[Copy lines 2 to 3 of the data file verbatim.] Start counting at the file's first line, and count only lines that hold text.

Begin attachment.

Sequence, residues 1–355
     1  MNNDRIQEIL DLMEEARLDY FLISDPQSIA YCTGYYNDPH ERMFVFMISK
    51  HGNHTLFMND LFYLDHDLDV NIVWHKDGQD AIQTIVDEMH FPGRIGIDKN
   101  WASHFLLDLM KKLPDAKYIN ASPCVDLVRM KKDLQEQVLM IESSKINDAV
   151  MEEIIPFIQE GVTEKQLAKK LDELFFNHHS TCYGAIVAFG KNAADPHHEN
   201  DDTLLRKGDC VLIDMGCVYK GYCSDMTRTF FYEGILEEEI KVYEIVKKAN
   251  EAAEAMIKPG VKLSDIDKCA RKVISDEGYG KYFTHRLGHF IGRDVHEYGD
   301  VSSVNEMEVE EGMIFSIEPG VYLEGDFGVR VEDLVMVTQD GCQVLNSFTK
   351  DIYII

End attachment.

     1  MNNDRIQEIL DLMEEARLDY FLISDPQSIA YCTGYYNDPH ERMFVFMISK
    51  HGNHTLFMND LFYLDHDLDV NIVWHKDGQD AIQTIVDEMH FPGRIGIDKN